With our collaboratively constructed anti-racist mission statement, self-study has become a touchstone for ongoing decision-making and programming to ensure movement toward our commitment to anti-racism. Shifting an organization’s culture away from white supremacy and toward anti-racism is ongoing. In making explicit our values, developing shared language, building ways to hold each other accountable, and continuing our study of whiteness, we move toward liberation.

Appendixes

Appendix A. SING Profile Template

At our 2021 August retreat, each member of the Executive Council (EC) was invited to create and share their SING profile in a shared Google Slides deck. We then used these profiles to reflect on our interactions with each other and assess how our interactions are shaped by our intersectional socialized identities (see Appendix B).

Appendix B. Shared Google Doc Discussing Intersectionality

After building and sharing SING profiles (see Appendix A), we watched the two linked videos on intersectionality. Then, each member of the EC was invited to take a row of the chart and write out their reactions.

We then discussed the questions below the chart, first reflecting and discussing how our social identities function in an intersectional way, and then writing and discussing how our intersectionality and SING profiles shape our interactions with each other.

What is intersectionality?

Crenshaw explains: https://www.youtube.com/watch?v=ViDtnfQ9FHc (01:54)

What is intersectionality? https://www.youtube.com/watch?v=EXJ4Dbdm1ks (03:09): a little more about it

Prior Knowledge

Key ideas

Questions / Need to investigate

I aspire to / I am inspired by

How do our social identities function intersectionality?

Examining our own social identities through the social identity wheel https://drive.google.com/file/d/1w7yo6ljyS0pnvEO-BOrE7Aohmaa9n5Jf/view.

    Questions to reflect and journal on:
  • Identify your most salient identities, the ones you think about most often (#1).

  • Identify the identities that shape how others perceive you (#5).

  • In what ways are your social identities in relationship with each other? With history? With communities? With institutions?

  • In what ways do your social identities inform how you move about the world and how others perceive you?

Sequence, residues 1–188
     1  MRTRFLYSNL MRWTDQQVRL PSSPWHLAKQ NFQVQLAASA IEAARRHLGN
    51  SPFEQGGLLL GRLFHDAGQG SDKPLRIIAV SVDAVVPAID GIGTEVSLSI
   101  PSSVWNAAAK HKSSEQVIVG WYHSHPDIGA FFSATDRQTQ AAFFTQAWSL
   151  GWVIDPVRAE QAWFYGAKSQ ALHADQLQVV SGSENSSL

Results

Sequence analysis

How do we interact with each other in our organization?

Considering intersectionality and our interactions with each other.

Questions to reflect and journal on:

Consider your SING (strengths, interests, needs, and goals) profile. Then, reflect.

  • In what ways do your intersectional social identities shape how you engage in work (your SING)?

  • How might your intersectional social identities shape your interactions with colleagues and their intersectional social identities?

  • How might the convergence of our identities shape our interactions with each other?

Appendix C. Self-Study Shared Slides Learning about Characteristics of White Supremacy

EC members were invited to discuss and jot down notes on a particular characteristic of white supremacy. The middle column references work done in previous self-study sessions on how characteristics of white supremacy show up specifically in the MCTE.

In the second round of small groups, EC members were jigsawed into heterogeneous groups to share what they discussed in the previous homogeneous groups.

Bios

Naitnaphit Limlamai, PhD, is an assistant professor of English education at Colorado State University where she teaches and studies secondary English-teacher preparation and how that work manifests justice. Her additional research interests include how writers develop as such, collaboration, and anti-racist organizational change. From 2017 to 2019, she served as a representative-at-large; from 2019 to 2022, she served as the diversity, inclusion, justice, and equity chair of the Michigan Council of Teachers of English. She can be contacted at n.limlamai@colostate.edu.

Christina M. Ponzio, PhD, is an assistant professor of literacy studies at Grand Valley State University. As a teacher educator and researcher, she is committed to cultivating among teachers and learners a sense of agency and efficacy to enact change from the bottom up to advance greater equity and social justice within language and literacy education. She served the Michigan Council of Teachers of English as a representative-at-large from 2016 to 2019 and coeditor of the Language Arts Journal of Michigan from 2019 to 2022. She can be contacted at ponzioc@gvsu.edu.

Notes

  1. Emphasis added.